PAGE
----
It’s noteworthy that horses that had been owned for a shorter period were more at risk of injury, likely due to aggression from other horses when a new one is introduced to a field. The study also found that horses turned out in larger groups were at an increased risk of injury, probably due to a larger hierarchy and competition for dominance.

Gut Health and Diet

Equine nutritionists have spent a lot of time and research effort in generating appropriate diets to keep horses healthy and well nourished. State of the art nutrition research is employed to design diets specifically for racehorses and care is taken to make sure their food and hay is of good quality and appetizing. Quality hay is typically available for them to nibble on 24-7.

Every athlete, horse and human, needs a specialist diet, to allow them to perform at their best and to meet their individual nutritional requirements. “Half the training is in the feeding” is a saying commonly attributed to trainers.

The science of equine nutrition continues to advance, and trainers who utilize sports science to keep their horses in optimal good health and top condition will win more consistently. Trainers have long been adapting their feeding programs according to the latest available evidence. For example, trainers now understand the importance of providing constant access to forage (hay) to replicate their natural foraging tendencies.

An example of adapting feeding programs, thanks to science, is hay steamers. Fiber is a necessary part of a horse’s diet, which is provided by hay. The purpose of steaming is to purify hay and reduce the health threat from respirable dust, mold spores, and pathogens.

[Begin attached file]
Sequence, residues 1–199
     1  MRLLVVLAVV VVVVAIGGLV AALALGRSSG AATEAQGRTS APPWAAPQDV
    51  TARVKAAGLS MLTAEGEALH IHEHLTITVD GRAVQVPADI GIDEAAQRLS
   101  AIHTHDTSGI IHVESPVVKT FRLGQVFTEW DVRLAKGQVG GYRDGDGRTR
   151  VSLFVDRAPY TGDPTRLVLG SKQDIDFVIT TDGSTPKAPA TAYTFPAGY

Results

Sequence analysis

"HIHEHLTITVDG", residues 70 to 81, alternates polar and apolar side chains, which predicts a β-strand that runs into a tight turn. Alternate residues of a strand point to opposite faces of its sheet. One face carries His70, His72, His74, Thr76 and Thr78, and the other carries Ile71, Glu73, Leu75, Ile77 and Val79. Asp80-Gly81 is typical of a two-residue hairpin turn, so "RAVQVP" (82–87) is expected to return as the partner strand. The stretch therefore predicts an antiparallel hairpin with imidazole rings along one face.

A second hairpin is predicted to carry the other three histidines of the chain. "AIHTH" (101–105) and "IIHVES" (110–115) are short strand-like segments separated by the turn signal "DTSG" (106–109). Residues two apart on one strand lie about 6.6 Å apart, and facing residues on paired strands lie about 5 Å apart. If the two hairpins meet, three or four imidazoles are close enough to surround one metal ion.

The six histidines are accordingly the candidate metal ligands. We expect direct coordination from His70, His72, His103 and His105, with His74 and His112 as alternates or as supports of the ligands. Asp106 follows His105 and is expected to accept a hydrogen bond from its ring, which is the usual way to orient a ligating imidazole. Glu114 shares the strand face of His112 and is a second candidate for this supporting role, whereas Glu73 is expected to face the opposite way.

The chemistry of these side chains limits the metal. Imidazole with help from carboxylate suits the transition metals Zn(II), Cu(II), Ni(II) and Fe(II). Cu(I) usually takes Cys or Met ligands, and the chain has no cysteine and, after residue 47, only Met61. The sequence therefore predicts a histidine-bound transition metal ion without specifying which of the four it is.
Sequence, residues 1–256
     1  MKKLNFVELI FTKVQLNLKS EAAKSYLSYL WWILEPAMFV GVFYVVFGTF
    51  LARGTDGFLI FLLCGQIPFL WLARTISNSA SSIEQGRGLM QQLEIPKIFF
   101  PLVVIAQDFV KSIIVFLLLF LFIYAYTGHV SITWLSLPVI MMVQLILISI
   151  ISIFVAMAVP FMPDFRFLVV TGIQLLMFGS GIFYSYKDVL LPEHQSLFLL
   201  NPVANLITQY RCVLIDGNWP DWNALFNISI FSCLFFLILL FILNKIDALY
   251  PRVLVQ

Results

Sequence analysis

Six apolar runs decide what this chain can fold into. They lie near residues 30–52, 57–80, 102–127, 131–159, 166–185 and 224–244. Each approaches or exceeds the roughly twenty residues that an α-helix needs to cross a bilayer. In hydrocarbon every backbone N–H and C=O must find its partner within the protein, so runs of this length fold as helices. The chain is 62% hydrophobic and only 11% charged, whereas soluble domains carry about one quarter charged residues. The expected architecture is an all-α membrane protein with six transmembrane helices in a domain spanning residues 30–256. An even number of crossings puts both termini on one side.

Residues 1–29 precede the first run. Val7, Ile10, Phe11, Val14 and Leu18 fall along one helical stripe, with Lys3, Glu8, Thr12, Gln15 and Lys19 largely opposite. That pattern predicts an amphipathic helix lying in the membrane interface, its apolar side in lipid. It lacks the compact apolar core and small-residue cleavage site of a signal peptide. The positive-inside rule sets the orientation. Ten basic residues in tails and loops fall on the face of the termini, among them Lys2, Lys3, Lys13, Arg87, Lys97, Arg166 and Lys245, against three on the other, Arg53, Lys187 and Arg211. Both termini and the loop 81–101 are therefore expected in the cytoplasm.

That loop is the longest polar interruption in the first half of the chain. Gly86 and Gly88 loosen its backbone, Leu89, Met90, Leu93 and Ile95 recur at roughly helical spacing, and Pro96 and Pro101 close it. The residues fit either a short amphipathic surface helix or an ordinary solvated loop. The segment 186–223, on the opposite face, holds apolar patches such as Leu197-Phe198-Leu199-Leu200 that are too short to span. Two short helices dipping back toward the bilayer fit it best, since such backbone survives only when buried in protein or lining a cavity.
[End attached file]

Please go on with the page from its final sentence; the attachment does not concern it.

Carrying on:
In terms of negativity around stabling, there have been suggestions that stall housing might be a risk factor for equine gastric ulcers. However a study that investigated the impact of different housing situations (grass paddock, stall alone, or stall with an adjacent companion) on the pH levels in various parts of a horse’s stomach found that changing the housing situation did not cause any significant alteration.

While stabling can have some risks, the majority of horse injuries appear to occur in the paddock, often due to social dynamics and environmental factors.


Donati, B., Fürst, A.E., Hässig, M. and Jackson, M.A. (2018) Epidemiology of fractures: The role of kick injuries in equine fractures. Equine Veterinary Journal, [online] 50(5), pp.580–586. doi: https://doi.org/10.1111/evj.12819

Moore-Colyer, M.J.S., Taylor, J.L.E. and James, R. (2016) The Effect of Steaming and Soaking on the Respirable Particle, Bacteria, Mould, and Nutrient Content in Hay for Horses. Journal of Equine Veterinary Science, 39, pp.62–68. doi: https://doi.org/10.1016/j.jevs.2015.09.006

Kaya, G., Sommerfeld-Stur, I. and Iben, C. (2009) Risk factors of colic in horses in Austria. Journal of Animal Physiology and Animal Nutrition, 93(3), pp.339–349. doi: https://doi.org/10.1111/j.1439-0396.2008.00874.x

Hudson, J.M., Cohen, N.D., Gibbs, P.G. and Thompson, J.A. (2001) Feeding practices associated with colic in horses. Journal of the American Veterinary Medical Association, [online] 219(10), pp.1419–1425. doi: https://doi.org/10.2460/javma.2001.219.1419

Tags: Barn / Stables